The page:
Tuesday, August 02. 2016
By fabric | ch
As we continue to lack a decent search engine on this blog and as we don't use a "tag cloud" ... This post could help navigate through the updated content on | rblg (as of 07.2016), via all its tags!
HERE ARE ALL THE CURRENT TAGS TO NAVIGATE ON | RBLG BLOG:
(to be seen just below if you're navigating on the blog's page or here for rss readers)
Posted by Patrick Keller in fabric | ch at 16:58
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Monday, February 22. 2016
A computer trying to order a pizza (and having a hard time), back in 1974 | #computing #txt2speech #history
Note: can a computer "fake" a human? (hmmm, sounds a bit like Mr. Turing test isn't it?) Or at least be credible enough --because it sounds pretty clear in this video, at that time, that it cannot fake a human and that it is m ore about voice than "intelligence"-- so that the person on the other side of the phone doesn't hang up? This is a funny/uncanny experiment involving D. Sherman at Michigan State University, dating back 1974 and certainly one of the first public trial (or rather social experiment) of a text to speech/voice synthesizer.
Beyond the technical performance, it is the social experiment that is probably even more interesting. It's intertwined and odd nature. You can feel in the voice of the person on the other side of the phone (at the pizza factory --Domino's pizza--) that he really doesn't know how to take it and that the voice sounds like something not heard before. A few trials were necessary before somebody took it "seriously".
By John Eulenberg (publication on Youtube)
Every year, the researchers, students, and technology users who make up the community of the Michigan State University Artificial Language Laboratory celebrate the anniversary of the first use of a speech prosthesis in history: the use by a man with a communication disorder to order a pizza over the telephone using a voice synthesizer. This high-tech sociolinguistic experiment was conducted at the Lab on the evening of December 4, 1974. Donald Sherman, who has Moebius Syndrome and had never ordered a pizza over the phone before, used a system designed by John Eulenberg and J. J. Jackson incorporating a Votrax voice synthesizer, a product of the Federal Screw Works Co. of Troy, Michigan. The inventor of the Votrax voice synthesizer was Richard Gagnon from Birmingham, MI.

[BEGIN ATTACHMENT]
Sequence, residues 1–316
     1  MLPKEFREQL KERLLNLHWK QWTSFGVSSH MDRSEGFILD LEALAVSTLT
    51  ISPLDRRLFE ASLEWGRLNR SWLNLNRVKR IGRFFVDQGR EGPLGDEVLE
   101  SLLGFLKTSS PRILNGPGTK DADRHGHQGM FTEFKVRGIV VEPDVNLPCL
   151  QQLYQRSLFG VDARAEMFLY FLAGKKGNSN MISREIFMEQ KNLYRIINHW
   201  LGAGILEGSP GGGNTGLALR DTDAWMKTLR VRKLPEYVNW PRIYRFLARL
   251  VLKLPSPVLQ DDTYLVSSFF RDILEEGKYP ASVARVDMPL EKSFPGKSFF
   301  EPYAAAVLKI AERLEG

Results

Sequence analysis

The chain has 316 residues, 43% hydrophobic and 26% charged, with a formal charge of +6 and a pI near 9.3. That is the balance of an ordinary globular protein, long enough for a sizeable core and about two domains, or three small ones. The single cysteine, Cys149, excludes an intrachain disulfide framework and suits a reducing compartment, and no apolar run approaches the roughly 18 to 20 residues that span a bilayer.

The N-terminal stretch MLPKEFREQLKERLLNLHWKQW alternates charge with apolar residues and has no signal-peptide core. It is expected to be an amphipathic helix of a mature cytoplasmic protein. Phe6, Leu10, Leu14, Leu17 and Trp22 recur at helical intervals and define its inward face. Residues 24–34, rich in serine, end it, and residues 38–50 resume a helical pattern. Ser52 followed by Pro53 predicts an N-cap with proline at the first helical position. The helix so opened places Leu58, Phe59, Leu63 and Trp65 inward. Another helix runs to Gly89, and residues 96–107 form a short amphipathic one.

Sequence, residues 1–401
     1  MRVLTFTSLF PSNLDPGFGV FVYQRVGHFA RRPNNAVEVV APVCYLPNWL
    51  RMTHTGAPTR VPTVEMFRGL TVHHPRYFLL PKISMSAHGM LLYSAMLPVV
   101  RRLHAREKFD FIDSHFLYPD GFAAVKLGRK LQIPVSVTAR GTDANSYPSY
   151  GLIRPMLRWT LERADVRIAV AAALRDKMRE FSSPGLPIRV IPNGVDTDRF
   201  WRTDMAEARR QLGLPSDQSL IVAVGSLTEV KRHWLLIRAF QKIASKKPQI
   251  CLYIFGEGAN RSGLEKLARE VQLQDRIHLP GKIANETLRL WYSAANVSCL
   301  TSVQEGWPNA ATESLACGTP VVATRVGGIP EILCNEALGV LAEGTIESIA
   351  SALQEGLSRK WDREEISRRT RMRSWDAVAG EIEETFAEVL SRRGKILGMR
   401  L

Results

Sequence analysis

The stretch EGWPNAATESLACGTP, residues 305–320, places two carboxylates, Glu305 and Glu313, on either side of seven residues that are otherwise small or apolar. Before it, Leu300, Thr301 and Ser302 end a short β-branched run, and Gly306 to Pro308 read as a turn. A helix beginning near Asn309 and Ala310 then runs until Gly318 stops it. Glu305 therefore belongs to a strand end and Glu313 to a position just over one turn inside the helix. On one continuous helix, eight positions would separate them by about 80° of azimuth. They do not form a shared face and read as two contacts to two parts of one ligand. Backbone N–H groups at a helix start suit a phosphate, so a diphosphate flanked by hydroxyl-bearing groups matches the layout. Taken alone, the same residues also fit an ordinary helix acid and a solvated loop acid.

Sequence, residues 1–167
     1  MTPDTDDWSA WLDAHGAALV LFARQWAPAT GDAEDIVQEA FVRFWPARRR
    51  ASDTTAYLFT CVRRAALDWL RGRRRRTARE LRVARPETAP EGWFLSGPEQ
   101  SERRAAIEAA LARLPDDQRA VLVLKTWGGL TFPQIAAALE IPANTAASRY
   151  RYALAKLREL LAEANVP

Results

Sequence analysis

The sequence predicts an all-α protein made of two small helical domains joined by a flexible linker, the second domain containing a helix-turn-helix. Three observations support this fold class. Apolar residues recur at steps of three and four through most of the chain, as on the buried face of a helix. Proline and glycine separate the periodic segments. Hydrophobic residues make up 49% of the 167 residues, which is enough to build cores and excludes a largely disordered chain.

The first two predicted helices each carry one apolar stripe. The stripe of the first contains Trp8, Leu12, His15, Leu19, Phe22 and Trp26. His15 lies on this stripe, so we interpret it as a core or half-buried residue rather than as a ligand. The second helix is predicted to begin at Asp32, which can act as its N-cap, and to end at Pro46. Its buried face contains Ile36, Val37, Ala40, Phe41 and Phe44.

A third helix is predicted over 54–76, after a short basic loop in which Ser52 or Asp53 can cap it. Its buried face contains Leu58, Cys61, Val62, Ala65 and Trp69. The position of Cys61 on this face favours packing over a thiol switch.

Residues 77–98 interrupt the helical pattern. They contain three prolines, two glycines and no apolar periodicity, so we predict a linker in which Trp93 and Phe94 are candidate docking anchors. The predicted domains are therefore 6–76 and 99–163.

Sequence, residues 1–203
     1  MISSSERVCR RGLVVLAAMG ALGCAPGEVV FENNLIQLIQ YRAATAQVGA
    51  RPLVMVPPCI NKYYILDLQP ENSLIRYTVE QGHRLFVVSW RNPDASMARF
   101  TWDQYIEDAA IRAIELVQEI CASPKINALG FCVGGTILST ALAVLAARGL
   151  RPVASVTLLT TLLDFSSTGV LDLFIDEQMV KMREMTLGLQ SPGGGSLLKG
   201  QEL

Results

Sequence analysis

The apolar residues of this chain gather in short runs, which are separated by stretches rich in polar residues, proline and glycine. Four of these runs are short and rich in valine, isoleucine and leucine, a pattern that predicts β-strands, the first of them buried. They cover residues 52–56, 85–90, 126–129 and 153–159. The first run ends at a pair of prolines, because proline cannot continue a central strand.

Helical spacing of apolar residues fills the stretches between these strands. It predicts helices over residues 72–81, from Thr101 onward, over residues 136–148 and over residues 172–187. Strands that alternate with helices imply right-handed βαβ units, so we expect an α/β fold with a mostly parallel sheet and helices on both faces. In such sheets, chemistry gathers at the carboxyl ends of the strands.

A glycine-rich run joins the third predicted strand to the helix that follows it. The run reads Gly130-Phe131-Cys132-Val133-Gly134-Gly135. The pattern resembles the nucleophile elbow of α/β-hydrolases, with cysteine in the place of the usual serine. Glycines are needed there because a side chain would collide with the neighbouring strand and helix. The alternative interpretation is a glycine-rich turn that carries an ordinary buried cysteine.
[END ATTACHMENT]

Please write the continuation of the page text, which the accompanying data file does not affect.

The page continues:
Tuesday, April 28. 2015
In other words, why just rely on aftermarket home alterations such as WiFi-blocking paint, when you can actually factor the transmission of signals through architectural space into the design of your home in the first place?
Space Caviar call this "a new definition of privacy in the age of sentient appliances and signal-based communication," in the process turning the home into "a space of selective electromagnetic autonomy."